Those Israelis are antisemitic and so is anyone who so much as reads the facts.

It's also antisemitic to point out that groups such as Jewish Voices for Peace are exactly that, Jewish, and are not antisemitic. They are antisemitic and so are those who think they aren't; Haidt is clearly a master of logic here because such twisted mind contortions couldn't be clearer.

It's antisemitic hatred to see view Israel as an occupying power under international law, and the slow ethnic cleansing they have been performing for decades is wrong. Man that is pure blind hate! And to say Palestinians actually have the legal right in international law to fight back against an occupying power, just like any other, whoa. Antisemitic hatred is exploding everywhere. Israel is the same as every other country with he same responsibilities? There's only one answer: antisemitic!

Oh and to even mention the plan for destruction of the Dome of the Rock and replacement by the Third Temple, as widely discussed in Israel (https://www.jpost.com/tags/third-temple) is massively antisemitic, but only if you think it's wrong. How could somebody hate Jews so much???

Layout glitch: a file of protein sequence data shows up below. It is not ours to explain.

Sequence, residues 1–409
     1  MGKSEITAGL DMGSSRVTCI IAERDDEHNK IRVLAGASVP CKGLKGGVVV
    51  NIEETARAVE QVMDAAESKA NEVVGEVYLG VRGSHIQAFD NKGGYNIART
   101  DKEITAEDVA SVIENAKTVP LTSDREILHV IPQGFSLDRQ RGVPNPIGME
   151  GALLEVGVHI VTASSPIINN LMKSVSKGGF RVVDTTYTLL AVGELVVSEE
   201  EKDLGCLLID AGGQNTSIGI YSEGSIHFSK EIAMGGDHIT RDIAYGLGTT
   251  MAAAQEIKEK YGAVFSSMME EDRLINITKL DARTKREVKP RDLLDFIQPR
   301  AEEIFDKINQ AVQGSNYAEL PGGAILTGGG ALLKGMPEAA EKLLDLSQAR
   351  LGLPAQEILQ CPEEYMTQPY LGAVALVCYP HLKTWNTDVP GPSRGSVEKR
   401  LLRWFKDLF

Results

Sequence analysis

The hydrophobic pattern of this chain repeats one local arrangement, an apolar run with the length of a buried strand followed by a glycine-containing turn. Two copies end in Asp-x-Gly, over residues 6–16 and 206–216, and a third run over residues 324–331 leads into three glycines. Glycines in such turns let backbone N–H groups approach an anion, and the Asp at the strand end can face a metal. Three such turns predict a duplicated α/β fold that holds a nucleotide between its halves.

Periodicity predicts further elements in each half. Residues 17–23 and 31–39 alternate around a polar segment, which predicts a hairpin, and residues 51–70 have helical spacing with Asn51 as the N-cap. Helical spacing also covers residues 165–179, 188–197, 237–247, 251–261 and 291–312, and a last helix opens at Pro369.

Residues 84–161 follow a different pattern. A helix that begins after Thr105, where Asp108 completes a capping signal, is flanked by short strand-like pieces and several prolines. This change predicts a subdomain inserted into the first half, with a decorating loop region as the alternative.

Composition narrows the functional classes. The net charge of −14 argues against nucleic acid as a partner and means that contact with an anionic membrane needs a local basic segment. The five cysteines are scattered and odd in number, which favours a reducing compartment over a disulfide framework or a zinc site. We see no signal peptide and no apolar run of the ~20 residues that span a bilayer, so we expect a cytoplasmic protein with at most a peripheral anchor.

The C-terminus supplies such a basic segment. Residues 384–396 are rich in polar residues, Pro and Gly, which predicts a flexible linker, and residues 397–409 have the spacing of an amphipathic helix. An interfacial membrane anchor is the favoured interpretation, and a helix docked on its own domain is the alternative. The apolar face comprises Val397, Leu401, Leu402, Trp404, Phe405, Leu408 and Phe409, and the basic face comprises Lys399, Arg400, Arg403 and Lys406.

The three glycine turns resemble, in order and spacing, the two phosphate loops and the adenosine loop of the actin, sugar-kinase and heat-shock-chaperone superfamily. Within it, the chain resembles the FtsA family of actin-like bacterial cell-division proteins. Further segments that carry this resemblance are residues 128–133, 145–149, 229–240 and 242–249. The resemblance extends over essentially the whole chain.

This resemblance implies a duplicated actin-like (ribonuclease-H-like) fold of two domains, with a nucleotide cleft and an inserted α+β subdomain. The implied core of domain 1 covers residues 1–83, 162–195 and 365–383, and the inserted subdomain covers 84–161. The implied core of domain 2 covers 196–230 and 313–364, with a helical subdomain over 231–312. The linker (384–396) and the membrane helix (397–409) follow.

It's also antisemitic to point out that all these years of hating on "wokeness" and their "cancel culture" and censorship was 100% empty rhetoric because now all those mouth breathers want to cancel and censor anyone who so much as thinks maybe Israel is going too far. It isn't that cancel culture "wokeness" is wrong, clearly it's just that the wrong people are doing it. Call it what it is: conservative wokeness.

No, you are completely insane to think college students protesting this bloodbath are doing the wrong thing. I have entirely lost interest if you think. Bill Ackman, that Harvard alumni attacking kids for protesting Israel and trying to pressure corporations to never hire them, is a fascist scumbag and should be treated like any other fascist. If you attack children and try to ruin their lives simply for disagreeing with you then you deserve the worst, even if your issue is Israel. It's really that simple.